The administration has argued that the money could be put to better use for weapons like F-35 planes designed to be used by the Air Force, Marines, and Navy as well as key American allies. The F-35 fighter jet program that could eventually number 2,443 planes and cost $1 trillion.
On Monday, Gates said that by axing the program to fund the F-22, there "would be a substantial increase in the number of jobs in the aerospace industry."
"The F-35 already has 38,000 employees," Gates said. "That will go to 64,000 in FY '10 and 82,000 in FY '11 if we don't drain money away from it."
"To continue to procure additional F-22s would be to waste valuable resources that should be more usefully employed to provide our troops with the weapons that they actually do need," Obama wrote in July 13 letters to Sens. McCain and Carl Levin, D-Mich., urging them to remove the funding.
Debate over other elements of the broad defense bill will continue throughout the week on the Senate floor.
The president's veto threat paid off.
In late June, a White House statement said "the President's senior advisors would recommend a veto" if the bill sent to the president's desk contained F-22 money.
That statement said the White House "has serious concerns with a number of provisions that could constrain the ability of the Armed Forces to carry out their missions, that depart from Secretary Gates' decisions reflected in the President's Fiscal Year 2010 Budget which carefully balanced fiscal constraints, program performance, strategic needs and capabilities, or that raise other issues."
"I think the President has outlined projects, as well as the Secretary of Defense, that he believes are not necessary spending," White House press secretary Robert Gibbs said June 25.
A total of 187 of the F-22 jets are already under contract but Gates has said it isn't logical to order more.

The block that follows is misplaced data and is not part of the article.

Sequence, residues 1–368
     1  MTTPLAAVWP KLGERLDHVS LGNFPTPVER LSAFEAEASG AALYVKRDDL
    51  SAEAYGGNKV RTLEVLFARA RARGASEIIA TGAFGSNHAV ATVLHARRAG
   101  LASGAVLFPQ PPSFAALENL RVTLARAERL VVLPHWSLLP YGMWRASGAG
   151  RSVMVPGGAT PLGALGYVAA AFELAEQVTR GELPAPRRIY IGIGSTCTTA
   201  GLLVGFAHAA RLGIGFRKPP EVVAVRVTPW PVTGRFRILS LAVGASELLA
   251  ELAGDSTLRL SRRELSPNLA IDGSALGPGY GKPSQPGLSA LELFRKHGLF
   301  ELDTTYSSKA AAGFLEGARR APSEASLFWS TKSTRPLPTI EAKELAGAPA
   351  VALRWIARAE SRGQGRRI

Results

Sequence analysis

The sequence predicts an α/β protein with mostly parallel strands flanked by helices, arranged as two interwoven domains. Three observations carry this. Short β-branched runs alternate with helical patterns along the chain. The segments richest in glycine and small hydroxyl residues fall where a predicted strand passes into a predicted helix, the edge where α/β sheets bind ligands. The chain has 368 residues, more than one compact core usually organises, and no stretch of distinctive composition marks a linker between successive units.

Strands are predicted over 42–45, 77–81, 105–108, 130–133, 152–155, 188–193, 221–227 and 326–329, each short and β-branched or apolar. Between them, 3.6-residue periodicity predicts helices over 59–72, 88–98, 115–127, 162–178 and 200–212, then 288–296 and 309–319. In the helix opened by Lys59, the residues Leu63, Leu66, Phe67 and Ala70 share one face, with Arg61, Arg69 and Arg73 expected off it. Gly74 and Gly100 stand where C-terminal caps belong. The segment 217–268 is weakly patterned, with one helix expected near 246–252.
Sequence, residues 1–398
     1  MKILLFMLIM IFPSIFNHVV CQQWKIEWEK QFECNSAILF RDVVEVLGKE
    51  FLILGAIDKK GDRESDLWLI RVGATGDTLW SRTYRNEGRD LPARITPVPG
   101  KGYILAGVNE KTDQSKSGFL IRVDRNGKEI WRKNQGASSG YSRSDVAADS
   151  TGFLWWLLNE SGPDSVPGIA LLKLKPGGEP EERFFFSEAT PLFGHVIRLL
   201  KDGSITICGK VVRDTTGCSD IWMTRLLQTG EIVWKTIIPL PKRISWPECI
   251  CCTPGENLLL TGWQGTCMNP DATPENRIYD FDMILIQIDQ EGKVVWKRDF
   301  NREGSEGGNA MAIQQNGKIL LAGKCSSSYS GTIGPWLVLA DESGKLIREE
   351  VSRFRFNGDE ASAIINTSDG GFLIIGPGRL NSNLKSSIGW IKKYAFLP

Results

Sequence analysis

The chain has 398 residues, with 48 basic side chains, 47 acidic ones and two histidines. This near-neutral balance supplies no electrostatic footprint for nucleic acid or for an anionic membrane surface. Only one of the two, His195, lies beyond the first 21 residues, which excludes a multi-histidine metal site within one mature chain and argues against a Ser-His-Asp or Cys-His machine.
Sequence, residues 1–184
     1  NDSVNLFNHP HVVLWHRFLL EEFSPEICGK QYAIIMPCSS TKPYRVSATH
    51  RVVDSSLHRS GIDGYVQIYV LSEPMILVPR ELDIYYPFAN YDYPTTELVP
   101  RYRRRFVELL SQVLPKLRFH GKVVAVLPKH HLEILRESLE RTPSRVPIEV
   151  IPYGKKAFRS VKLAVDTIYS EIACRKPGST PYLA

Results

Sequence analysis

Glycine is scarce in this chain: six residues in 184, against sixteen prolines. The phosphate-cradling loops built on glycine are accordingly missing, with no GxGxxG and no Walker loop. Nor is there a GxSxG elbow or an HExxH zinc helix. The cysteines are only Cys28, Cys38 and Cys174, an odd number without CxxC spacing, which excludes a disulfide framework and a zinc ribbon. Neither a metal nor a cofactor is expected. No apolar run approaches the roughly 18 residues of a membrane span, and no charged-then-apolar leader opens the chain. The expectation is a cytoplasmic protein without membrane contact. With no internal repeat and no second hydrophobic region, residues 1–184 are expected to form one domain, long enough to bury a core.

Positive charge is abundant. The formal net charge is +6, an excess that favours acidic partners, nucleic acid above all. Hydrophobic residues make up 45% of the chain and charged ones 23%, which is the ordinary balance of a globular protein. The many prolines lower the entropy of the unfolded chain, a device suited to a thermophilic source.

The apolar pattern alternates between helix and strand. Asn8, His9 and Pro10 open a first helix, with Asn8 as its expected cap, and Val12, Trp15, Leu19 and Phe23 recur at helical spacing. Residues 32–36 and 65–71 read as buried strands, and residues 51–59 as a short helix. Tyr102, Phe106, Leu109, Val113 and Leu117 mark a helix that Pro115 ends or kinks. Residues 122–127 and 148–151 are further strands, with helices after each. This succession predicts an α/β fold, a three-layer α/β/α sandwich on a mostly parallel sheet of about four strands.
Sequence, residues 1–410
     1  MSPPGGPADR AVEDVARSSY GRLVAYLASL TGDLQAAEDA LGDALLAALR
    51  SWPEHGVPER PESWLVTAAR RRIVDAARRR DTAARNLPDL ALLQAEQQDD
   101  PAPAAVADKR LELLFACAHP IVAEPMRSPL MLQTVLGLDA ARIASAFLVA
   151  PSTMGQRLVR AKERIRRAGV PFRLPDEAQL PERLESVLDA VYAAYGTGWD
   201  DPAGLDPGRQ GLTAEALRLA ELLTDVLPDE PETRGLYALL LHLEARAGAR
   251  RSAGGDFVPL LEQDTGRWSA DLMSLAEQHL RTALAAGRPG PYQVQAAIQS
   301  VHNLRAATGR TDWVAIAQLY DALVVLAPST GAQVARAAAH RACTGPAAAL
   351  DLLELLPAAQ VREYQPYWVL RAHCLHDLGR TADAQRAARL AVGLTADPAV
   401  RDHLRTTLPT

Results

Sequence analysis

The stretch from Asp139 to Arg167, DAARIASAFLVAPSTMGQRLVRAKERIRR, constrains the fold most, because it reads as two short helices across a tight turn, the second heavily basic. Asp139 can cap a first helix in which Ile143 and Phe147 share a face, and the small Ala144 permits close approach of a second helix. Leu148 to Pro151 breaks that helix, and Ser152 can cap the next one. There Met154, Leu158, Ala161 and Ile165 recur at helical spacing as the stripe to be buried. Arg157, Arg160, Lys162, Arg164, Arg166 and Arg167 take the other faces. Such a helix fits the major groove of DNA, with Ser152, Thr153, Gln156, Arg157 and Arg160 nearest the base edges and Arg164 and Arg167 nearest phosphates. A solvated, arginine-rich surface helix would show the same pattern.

"That is all that we need to buy, that is all we can afford to buy and that is all we should buy," Levin agreed today on the Senate floor.
But other lawmakers who ultimately lost the debate felt otherwise.
"The Air Force has repeatedly warned that stopping this program at 187 aircraft would place our nation at 'higher risk', and that is not a risk I am willing to accept," Lieberman said in a statement when a Senate committee approved the measure. "Continued production of the F-22A will guarantee that we have balanced combat air forces in the future to support the transition between the F-22A and F-35 Joint Strike Fighter programs."
"It is regrettable that the administration needs to issue a veto threat for funding intended to meet a real national security requirement that has been consistently confirmed by our uniformed military leaders," Chambliss said June 25.
On June 25, the House passed its $680 billion version of the defense authorization bill with an F-22 provision included. Unlike the Senate version, the House version calls for the government to buy additional parts for the F-22, but doesn't specify how many aircraft should be purchased.
On June 26, the Senate Armed Services Committee approved the bill, sending it to the full Senate after voting in favor of more F-22s.
Some lawmakers have also said F-22s could help protect the nation from seaborne cruise missiles and Somali pirates. Gates said last week that fending off pirates is "a job we know is better done by three Navy SEALs."